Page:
Many holidaymakers are used to the routine of air travel. From early check-in time, immigration, and customs checks to waiting for boarding and actual flight, procedures seem predictable.

Although the goal is simple — get to the destination safely and as pleasant as possible — we tend to do things our way especially when things don’t turn out as expected such as changes in departure gate numbers or flight delays.

Here are some of the mistakes travelers must avoid getting close to the goal of safe travels.

Trying new medication for the first time

You must have researched how to stay awake during your jet lag-induced journey or how to get yourself to sleep while on a long-haul flight and you found the answer to your questions. But what if you get that allergic reaction or other unpleasant experience while on a flight? There’s a chance a doctor might be on the same flight, otherwise, it’ll take a medical emergency to sort things out if your condition deteriorates.

Never try a new medication without getting your physician’s clearance, or have tried it previously at the comforts of your home.

Ignoring safety procedure briefing

As a standard practice during flights, you must have been planning to distract yourself by reading a book or dozing off to sleep while flight attendants or in-flight entertainment screens flash the flight safety briefing video.

As low as the rates of accidents can be, it’s sad to say there’s a possibility it could hit your flight. So such mundane reminders of keeping your seat belts on, finding the emergency exits, and what to do during water landing can help us one day should we be involved in an ill-fated flight.

Joking about bombs

It’s no joking matter when you start a conversation about guns, bombs, and terrorist threats inside the airline cabin. Flight attendants have the right to remove passengers deemed security risks to the safety of fellow passengers. And that includes making untimely references about weapons when you are expected to talk about your upcoming holiday or meeting appointments on your business trip.

Not using overhead bins to store bags large enough to fit under your front seat

Carry-on luggage is supposed to be placed in the overhead compartments. But on full flights and overhead bins filling up quickly, it is out of courtesy to be reasonable and use the space in front of the front seat to accommodate smaller bags and hand-carry items. However, grabbing all available space and leaving nothing for your seatmate is unethical, especially without asking for permission.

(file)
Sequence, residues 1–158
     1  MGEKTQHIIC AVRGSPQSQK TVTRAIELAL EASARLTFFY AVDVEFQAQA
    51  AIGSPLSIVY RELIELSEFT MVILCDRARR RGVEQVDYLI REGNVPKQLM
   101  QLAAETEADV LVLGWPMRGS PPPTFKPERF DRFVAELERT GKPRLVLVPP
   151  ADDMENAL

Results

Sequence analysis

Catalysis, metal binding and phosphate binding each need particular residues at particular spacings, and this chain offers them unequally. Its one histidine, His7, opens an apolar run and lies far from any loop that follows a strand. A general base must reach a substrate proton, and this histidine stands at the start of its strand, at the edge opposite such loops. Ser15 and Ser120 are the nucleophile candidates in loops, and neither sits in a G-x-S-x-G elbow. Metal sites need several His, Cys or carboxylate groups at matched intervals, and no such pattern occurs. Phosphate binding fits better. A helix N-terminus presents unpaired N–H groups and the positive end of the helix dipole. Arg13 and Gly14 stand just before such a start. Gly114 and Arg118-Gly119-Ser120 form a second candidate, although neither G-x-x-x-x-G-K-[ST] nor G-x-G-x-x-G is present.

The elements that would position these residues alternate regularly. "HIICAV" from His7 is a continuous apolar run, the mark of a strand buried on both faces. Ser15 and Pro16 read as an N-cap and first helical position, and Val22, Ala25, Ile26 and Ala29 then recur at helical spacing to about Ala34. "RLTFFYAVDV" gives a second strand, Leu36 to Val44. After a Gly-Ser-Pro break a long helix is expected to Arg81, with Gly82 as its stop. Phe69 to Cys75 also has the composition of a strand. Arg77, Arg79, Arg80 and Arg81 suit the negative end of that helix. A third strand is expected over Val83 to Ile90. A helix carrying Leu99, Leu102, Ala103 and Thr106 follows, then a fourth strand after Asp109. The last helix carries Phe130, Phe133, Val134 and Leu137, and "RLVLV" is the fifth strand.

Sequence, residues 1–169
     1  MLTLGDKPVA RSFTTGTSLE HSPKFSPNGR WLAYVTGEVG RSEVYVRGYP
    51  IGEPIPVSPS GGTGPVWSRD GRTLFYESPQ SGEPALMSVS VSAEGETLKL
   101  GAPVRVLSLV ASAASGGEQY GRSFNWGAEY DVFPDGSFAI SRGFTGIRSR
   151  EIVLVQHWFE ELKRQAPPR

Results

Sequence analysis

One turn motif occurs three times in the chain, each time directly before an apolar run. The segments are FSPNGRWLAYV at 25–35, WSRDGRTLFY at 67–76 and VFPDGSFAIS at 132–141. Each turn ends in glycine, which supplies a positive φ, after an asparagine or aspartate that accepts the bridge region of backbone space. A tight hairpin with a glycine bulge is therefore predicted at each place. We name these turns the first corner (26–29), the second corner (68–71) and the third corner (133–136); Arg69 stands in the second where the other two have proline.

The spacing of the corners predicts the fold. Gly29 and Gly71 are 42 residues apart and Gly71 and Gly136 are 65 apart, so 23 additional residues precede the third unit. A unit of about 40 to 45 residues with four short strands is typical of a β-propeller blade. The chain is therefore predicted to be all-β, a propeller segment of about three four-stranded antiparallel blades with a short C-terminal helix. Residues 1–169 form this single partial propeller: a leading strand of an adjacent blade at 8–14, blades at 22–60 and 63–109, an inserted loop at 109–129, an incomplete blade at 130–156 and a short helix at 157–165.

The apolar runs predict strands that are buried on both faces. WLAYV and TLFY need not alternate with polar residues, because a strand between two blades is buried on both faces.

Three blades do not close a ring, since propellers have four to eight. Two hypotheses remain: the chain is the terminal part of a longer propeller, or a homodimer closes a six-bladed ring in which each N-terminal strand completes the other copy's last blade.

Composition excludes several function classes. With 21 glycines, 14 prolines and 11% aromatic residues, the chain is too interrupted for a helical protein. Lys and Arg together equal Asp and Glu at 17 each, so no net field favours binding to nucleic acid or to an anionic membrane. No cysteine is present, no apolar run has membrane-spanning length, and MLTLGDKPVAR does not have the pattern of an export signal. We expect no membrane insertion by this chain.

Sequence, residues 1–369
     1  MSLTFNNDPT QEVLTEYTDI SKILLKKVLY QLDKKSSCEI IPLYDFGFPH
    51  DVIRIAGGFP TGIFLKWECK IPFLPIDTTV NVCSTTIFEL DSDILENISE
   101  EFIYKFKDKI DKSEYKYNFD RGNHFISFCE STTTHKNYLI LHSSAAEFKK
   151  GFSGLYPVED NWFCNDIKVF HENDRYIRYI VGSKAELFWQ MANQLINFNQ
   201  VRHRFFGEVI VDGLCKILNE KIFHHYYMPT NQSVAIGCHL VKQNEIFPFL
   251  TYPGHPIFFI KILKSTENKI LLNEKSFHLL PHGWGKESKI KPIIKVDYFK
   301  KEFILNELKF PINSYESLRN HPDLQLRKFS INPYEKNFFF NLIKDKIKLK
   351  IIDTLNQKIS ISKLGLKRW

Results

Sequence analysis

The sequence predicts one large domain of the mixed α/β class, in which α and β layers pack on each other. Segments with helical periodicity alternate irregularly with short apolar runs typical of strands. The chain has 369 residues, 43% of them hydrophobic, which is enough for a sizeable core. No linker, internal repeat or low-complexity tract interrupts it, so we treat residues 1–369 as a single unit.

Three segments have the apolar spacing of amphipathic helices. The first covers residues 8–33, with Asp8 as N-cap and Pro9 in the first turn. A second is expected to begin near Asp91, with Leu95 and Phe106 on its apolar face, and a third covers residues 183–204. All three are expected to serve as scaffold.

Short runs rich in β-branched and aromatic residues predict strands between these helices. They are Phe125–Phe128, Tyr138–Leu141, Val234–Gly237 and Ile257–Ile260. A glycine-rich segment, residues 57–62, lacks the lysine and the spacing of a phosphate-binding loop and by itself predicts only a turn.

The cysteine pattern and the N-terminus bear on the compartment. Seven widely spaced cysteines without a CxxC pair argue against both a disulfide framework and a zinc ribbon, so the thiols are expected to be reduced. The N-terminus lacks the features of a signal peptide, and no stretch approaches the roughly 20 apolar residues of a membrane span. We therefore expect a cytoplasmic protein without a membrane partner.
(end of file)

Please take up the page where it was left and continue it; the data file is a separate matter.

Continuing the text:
Stowing luggage on overhead bins away from your seat

It is understood that once overhead bins above your seat is already taken, and you still have hand-carry items to stash, flight attendants attempt to store them elsewhere. But perhaps you simply brought more luggage than what is prescribed, you are forced to use spaces reserved for other passengers’ luggage. Worse, you move forward against the stream of incoming passengers so you can find a suitable place for your excess baggage.

Reclining seats during mealtime

Reclining seats were much more appropriate when airplanes used to have ample space shared by passengers. But as real estate among economy class passengers continues to shrink, this feature becomes more about annoying the other passenger than providing you comfort.

However, regardless of your take on this issue — should you recline your seat at any point in your journey? — it makes a lot of sense to exercise courtesy by ensuring your seat is upright, once food carts start rolling down the aisles.

Eating stinky food

Stinky food is relative — it may be tasty to you but disgusting to others. So when you think of getting a tuna sandwich to go, a cup of egg salad, or clam chowder, think again. Not only do they generate a foul odor, but they also leave you with bad breath, unless of course, you make your dental kit handy.

Drinking too much alcohol

Some passengers drink a glass of wine during dinner before the flight, and that’s fine. But when you’re inside the airplane, overindulgence in alcohol can have multiple adverse effects. This includes dehydration and the risk of getting kicked out of the flight for irrational behavior. Also get this: nobody wants to sit next to someone who reeks of alcohol, passes out on your shoulder, or throws up on your personal belongings.

Abuse the flight attendant’s call button

Just because the call flight attendant button is so handy does not automatically mean your friendly stewardesses are now at our disposal for our every whim: get us a glass of water, hand us complimentary newspaper, and other petty requests. Their role is more focused on ensuring passenger safety — reminding you to wear seat belts, refrain from standing up while the aircraft is taxiing at the destination airport and keep your phones in airplane mode. They’ll attend to your needs once they’re freed from all necessary security checks. So in the meantime, let’s be patient.

Intruding on your neighbor’s space

Incidents such as passengers fighting over personal space has become rampant as airplane seats get smaller. Travelers with broad shoulders and bigger waistlines might be discriminated but the real culprits are those who routinely conduct obnoxious in-flight behaviors such as hogging armrests, intruding entertainment screens of someone at the back with ponytail and spreading legs beyond personal space. We all want space, but so are others. So let’s take what’s ours and respect others by not taking what’s theirs.

Do you have additional bad airline habits to add here?